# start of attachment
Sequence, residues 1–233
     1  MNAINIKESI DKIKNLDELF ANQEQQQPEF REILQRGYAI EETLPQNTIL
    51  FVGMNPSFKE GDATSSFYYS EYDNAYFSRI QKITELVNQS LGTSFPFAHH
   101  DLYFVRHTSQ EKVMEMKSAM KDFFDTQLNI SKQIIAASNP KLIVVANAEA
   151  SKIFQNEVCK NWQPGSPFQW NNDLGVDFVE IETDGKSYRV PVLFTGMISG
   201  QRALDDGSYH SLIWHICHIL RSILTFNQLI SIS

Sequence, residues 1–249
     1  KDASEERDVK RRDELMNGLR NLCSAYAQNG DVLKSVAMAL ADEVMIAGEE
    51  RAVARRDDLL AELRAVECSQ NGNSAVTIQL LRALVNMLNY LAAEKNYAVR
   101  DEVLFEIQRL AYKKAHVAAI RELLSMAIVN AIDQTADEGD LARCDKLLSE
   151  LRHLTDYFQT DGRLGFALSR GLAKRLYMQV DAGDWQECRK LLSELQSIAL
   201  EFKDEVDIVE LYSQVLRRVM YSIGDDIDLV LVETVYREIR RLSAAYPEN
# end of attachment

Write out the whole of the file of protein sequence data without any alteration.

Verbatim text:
Sequence, residues 1–233
     1  MNAINIKESI DKIKNLDELF ANQEQQQPEF REILQRGYAI EETLPQNTIL
    51  FVGMNPSFKE GDATSSFYYS EYDNAYFSRI QKITELVNQS LGTSFPFAHH
   101  DLYFVRHTSQ EKVMEMKSAM KDFFDTQLNI SKQIIAASNP KLIVVANAEA
   151  SKIFQNEVCK NWQPGSPFQW NNDLGVDFVE IETDGKSYRV PVLFTGMISG
   201  QRALDDGSYH SLIWHICHIL RSILTFNQLI SIS

Sequence, residues 1–249
     1  KDASEERDVK RRDELMNGLR NLCSAYAQNG DVLKSVAMAL ADEVMIAGEE
    51  RAVARRDDLL AELRAVECSQ NGNSAVTIQL LRALVNMLNY LAAEKNYAVR
   101  DEVLFEIQRL AYKKAHVAAI RELLSMAIVN AIDQTADEGD LARCDKLLSE
   151  LRHLTDYFQT DGRLGFALSR GLAKRLYMQV DAGDWQECRK LLSELQSIAL
   201  EFKDEVDIVE LYSQVLRRVM YSIGDDIDLV LVETVYREIR RLSAAYPEN